Brought to you by the same masterminds of nearby Nashville Nightmare, we beheld a plethora of imaginative creations and realistic scenes. Impressed to see how much they’d accomplished in their first season, we highly recommend stopping by NHW for a new take on some old-school frights!


Cast: 7.38

Most of the characters at NHW portray classic monsters and movie villains. From Jason, Michael, Freddy and Leatherface to witches, clowns and more, there’s a little bit of everything here to satisfy your search scares.

The actors’ interactions with us were very short. Dialogue was limited and a lot of the actors just popped out and “rawred” at us before quickly resetting. Even though we didn’t catch up to any groups and vice versa, we felt like most of them were trying to get back in their hiding spots before the next group could see them. This is normally very much appreciated, but when there aren’t any groups coming up within sight, it can make the scares seem rushed and the characters less believable. Though, there were exceptions to this that did take the time to deliver an adequate performance.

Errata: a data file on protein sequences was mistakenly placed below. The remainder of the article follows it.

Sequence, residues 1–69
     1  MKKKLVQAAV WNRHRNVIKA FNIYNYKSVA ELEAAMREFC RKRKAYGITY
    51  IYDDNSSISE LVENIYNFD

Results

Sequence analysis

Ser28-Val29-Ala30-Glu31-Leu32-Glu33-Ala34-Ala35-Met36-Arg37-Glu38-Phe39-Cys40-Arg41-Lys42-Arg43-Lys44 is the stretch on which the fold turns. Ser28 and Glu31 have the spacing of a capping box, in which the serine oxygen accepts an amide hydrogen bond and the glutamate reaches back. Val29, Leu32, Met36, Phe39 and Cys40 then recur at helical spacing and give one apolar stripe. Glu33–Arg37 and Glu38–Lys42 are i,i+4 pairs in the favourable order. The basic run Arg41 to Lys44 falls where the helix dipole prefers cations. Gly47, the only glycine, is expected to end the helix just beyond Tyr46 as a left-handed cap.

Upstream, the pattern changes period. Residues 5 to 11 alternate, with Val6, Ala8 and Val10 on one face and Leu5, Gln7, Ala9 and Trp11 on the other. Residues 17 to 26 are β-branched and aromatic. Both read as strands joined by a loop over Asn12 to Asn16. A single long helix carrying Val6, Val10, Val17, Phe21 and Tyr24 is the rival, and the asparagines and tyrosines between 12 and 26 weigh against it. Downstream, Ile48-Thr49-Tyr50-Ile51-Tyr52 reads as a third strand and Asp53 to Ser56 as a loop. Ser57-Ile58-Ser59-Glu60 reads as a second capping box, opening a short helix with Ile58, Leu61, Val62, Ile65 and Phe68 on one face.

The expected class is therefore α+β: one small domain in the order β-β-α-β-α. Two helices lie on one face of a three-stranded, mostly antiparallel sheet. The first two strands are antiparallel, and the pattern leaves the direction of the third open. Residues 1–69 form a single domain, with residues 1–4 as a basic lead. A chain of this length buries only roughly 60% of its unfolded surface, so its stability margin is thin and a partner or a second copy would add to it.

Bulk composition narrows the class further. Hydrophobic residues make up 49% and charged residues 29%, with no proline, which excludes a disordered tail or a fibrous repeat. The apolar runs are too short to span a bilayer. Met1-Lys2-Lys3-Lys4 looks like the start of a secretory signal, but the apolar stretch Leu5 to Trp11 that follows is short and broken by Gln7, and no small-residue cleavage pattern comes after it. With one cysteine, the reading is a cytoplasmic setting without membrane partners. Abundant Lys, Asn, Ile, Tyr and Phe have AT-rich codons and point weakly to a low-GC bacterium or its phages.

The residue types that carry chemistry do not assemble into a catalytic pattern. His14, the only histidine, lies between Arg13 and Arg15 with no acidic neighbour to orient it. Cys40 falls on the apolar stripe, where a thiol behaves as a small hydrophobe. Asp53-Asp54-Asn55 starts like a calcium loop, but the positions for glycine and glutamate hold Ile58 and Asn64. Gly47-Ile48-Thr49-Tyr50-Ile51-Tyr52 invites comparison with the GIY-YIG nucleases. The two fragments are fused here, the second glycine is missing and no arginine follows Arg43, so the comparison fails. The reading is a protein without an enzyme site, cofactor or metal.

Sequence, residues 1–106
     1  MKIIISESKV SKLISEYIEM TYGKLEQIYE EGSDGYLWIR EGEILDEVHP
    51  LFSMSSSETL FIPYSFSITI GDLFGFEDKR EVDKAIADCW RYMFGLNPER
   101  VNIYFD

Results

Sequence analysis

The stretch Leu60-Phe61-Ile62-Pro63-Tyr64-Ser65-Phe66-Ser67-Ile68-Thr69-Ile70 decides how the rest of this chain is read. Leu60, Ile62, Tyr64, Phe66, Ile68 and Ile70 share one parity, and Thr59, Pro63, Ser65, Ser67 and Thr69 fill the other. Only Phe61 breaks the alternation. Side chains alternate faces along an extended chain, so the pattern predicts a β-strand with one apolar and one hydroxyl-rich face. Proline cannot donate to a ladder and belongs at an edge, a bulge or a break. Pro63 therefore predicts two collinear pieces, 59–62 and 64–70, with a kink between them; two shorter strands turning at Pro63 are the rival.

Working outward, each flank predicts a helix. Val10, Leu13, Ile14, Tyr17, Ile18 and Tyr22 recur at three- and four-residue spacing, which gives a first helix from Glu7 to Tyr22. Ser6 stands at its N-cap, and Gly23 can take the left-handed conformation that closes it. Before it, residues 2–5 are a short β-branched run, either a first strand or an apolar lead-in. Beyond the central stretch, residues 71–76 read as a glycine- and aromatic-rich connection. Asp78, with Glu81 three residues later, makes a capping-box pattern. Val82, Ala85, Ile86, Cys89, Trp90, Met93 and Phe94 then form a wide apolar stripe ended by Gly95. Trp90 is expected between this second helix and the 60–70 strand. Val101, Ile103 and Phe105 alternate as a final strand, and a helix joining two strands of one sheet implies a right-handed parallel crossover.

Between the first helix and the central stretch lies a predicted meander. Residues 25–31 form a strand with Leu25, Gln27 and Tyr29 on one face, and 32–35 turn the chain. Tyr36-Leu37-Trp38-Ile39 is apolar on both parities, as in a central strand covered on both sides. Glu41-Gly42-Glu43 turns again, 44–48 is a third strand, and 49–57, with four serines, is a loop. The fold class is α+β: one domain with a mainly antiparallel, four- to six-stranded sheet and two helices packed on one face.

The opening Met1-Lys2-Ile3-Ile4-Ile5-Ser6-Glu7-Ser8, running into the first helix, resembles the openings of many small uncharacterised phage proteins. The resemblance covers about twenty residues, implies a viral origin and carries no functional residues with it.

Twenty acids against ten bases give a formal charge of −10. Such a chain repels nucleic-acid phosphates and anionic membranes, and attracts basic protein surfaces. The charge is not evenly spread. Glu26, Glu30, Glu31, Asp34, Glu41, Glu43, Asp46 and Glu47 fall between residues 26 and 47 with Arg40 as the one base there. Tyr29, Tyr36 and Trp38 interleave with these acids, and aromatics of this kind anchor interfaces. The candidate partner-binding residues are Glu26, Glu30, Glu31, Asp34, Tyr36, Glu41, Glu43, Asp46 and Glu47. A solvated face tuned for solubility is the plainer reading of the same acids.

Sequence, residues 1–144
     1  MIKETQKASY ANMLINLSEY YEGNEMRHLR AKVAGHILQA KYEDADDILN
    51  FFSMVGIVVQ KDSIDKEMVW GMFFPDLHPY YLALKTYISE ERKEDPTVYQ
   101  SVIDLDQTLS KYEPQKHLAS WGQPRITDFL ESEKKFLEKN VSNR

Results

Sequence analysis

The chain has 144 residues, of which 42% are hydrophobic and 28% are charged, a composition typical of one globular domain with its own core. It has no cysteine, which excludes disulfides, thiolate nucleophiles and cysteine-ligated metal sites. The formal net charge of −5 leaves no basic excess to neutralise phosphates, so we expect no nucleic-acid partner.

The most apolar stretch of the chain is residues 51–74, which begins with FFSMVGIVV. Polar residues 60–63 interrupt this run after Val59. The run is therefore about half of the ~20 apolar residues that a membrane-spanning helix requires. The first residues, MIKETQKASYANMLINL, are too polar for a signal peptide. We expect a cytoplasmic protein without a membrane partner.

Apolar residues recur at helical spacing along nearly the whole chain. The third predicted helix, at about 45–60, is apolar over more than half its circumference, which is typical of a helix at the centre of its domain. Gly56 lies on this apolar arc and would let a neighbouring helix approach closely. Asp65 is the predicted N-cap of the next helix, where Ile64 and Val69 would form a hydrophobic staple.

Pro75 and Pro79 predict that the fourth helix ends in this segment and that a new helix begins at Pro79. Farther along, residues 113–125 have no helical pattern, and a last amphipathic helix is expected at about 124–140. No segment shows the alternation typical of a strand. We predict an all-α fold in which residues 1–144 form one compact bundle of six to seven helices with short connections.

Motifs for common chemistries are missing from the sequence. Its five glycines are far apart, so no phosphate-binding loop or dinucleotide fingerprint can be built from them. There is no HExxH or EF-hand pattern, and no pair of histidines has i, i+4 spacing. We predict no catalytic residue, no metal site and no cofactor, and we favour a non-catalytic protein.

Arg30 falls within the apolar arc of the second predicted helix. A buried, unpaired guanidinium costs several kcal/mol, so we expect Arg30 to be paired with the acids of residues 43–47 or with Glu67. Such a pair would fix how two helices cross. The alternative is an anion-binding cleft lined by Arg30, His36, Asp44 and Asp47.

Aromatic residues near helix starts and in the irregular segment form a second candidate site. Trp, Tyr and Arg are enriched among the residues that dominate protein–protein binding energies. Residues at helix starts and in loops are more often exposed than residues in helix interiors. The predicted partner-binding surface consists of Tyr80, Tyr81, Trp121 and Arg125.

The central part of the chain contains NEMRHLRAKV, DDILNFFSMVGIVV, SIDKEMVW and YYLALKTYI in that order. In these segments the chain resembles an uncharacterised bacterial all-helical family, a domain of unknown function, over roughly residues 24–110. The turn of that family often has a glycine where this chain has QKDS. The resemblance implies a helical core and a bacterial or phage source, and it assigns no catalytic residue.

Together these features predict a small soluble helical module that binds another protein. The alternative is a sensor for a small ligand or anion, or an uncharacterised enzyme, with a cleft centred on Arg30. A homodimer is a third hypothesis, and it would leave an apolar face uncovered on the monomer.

The voodoo people had some of the best dialogue on the trail. One of them even warned us to “Be careful driving home” that night after creepily chanting at us! Another came after us with a knife screaming “Let me eat you!” This actress, whom we found in the kitchen, turned out to be one of the most believable characters of the tour. A few of the cast members got pretty creative with their scare techniques. Some would come at us from under the furniture, others would reach through holes in the walls and a few even came after us multiple times after we thought they were finished.


Costuming: 8.71